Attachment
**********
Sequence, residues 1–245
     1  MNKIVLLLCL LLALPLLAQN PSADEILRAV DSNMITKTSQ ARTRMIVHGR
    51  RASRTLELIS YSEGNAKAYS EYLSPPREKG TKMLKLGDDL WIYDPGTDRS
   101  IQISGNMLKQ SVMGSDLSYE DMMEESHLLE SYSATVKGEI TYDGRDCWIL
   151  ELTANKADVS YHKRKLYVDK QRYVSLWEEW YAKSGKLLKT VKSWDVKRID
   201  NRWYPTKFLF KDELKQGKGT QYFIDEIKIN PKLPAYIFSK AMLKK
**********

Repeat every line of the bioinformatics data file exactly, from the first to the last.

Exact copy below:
Sequence, residues 1–245
     1  MNKIVLLLCL LLALPLLAQN PSADEILRAV DSNMITKTSQ ARTRMIVHGR
    51  RASRTLELIS YSEGNAKAYS EYLSPPREKG TKMLKLGDDL WIYDPGTDRS
   101  IQISGNMLKQ SVMGSDLSYE DMMEESHLLE SYSATVKGEI TYDGRDCWIL
   151  ELTANKADVS YHKRKLYVDK QRYVSLWEEW YAKSGKLLKT VKSWDVKRID
   201  NRWYPTKFLF KDELKQGKGT QYFIDEIKIN PKLPAYIFSK AMLKK